Allergen immunotherapy is the only proven way to actually treat allergies, other than complete allergen avoidance, and is available in two forms- allergy shots or dissolvable medication (pills).
Allergen Immunotherapy is a treatment that requires exposing the body periodically to doses of an allergen in an attempt to adapt the body’s immune system response to that allergen. Allergen Immunotherapy is always done under the supervision of a specialized medical practitioner.
How Long Does The Treatment Take?
In a Standard Allergen Immunotherapy Treatment Plan, the Allergist tailors the necessary serum mixture for each patient’s specific needs and on allergen(s) diagnosis. The initial weekly shots are used to introduce the body to the allergen. Initial weekly shots last for an average of 26 weeks, after which, monthly shots are administer for the next 3-5 years.
Patients are asked to remain in the JBN office for 30-40 minutes after receiving injections in case of adverse effects.
Post Injection Instructions
These instructions apply to all patients receiving Allergen immunotherapy treatment in the form of allergy shots. The “post-injection” protocol also applies to patients who are receiving Allergen Immunotherapy via dissolvable oral pills for the first time to monitor how the patient reacts to the treatment.
Before you leave the clinic, we would like to go over some important information. Our goal is to ensure your safety comes first at all times. If you experience any of the following symptoms after receiving an allergy shot, please seek immediate medical attention.
- Shortness of breath
- Wheezing/ coughing
- Tightness of chest
- Hoarse voice
- Bleeding or unusual bruising
- Chest cold (upper respiratory tract infection)
- Sinus problems
- Sore throat
- Any changes to skin’s appearance: hives, rash, itching, cool or clammy skin or a sunburnt appearance
- Swelling of the lips, eyes, tongue, throat, hands, feet, or genitals
- Dizziness, lightheadedness, or feeling faint
- Injection site reaction: pain, redness, swelling, or itching
- Flu-like symptoms (Viral infection)
Please follow these instructions closely upon leaving the clinic:
- Do not massage the area of the injection.
- Try not to engage in strenuous physical activity for 6 hours after the injection.
- Refrain from driving or operating machinery.
Be sure to advise your nurse of any concerns you may have regarding your medical condition. Your nurse will be more than happy to provide any additional information you may require.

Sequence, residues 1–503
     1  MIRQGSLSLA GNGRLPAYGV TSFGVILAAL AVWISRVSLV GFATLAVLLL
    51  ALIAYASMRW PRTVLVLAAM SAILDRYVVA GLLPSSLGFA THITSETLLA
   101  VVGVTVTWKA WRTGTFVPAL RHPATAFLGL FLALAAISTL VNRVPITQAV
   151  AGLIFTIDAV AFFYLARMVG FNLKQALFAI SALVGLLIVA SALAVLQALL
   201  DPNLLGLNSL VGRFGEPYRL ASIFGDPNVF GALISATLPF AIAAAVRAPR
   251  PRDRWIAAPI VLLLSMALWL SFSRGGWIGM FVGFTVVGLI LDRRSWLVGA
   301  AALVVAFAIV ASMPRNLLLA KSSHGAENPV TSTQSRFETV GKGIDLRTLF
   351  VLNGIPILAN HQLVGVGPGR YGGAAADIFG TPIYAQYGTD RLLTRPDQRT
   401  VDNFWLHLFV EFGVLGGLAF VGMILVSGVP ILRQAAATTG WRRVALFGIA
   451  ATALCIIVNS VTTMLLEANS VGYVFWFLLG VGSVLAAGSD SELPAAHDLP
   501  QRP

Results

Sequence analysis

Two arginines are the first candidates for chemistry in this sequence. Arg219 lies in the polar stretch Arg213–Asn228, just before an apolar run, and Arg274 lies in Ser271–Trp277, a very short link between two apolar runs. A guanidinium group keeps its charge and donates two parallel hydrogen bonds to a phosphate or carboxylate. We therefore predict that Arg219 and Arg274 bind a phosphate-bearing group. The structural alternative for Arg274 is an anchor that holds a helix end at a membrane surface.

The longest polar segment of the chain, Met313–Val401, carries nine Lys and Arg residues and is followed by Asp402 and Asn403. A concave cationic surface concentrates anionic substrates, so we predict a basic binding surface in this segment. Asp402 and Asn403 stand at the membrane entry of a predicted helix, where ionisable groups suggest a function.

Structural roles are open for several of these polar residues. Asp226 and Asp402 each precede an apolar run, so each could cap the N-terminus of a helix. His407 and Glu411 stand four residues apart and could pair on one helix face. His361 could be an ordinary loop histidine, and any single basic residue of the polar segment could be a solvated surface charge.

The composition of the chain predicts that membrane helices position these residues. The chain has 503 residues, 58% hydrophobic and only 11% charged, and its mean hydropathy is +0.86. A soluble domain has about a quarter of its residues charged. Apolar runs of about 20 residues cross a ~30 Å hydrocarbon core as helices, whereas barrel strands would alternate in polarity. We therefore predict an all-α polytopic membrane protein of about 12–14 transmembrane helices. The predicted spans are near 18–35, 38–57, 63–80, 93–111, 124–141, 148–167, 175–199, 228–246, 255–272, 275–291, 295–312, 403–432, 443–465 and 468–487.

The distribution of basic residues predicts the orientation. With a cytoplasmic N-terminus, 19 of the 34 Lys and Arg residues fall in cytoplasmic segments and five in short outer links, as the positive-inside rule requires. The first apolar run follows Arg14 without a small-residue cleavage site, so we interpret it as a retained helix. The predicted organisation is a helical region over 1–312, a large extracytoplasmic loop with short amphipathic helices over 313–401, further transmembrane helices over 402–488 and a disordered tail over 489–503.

Pre-Planned Rapid Dosing
This treatment option replaces the initial weekly shots with 5 pre-planned appointments (these visits must be booked with the JBN office in advance, and must be booked 10-16 days apart).
This treatment schedule is available to people who have rigid schedules, for people who are going away on vacation, or who are trying to get allergy protection quickly due to the upcoming commencement of peak allergy season.
Visit #1 injection – 3 shots done 30 minutes apart: 90-minute appointment
Visit #2 injection – 3 shots done 30 minutes apart: 90-minute appointment
Visit #3 injection – 2 shots done 30 minutes apart: 60-minute appointment
Visit #4 injection – 2 shots done 30 minutes apart: 60-minute appointment
Visit #5 injection – 2 shots done 30 minutes apart: 60-minute appointment
If at any time during the rushed allergen treatments schedule the patient’s body is unable to tolerate the fast build up, then the doctor will switch the patient back to the regular schedule, as seen above.
Pre-Seasonal Grass and Ragweed
Patients receiving allergen immunotherapy treatment for seasonal grass and ragweed allergies receive weekly shots prior to peek allergen season; ranging from 4-9 shots, depending on the patient.
Pre-Seasonal Grass: Injections start the last week of February
Pre-Seasonal Ragweed: Injections start the first week of June
Insect Venom Allergen Immunotherapy Schedule
When initially starting an allergen immunotherapy treatment for insect venom, allergy shots are given every week for 5 months.
Once the initial weekly shot period is over, a patient only needs one shot every month for the next 3-5 years.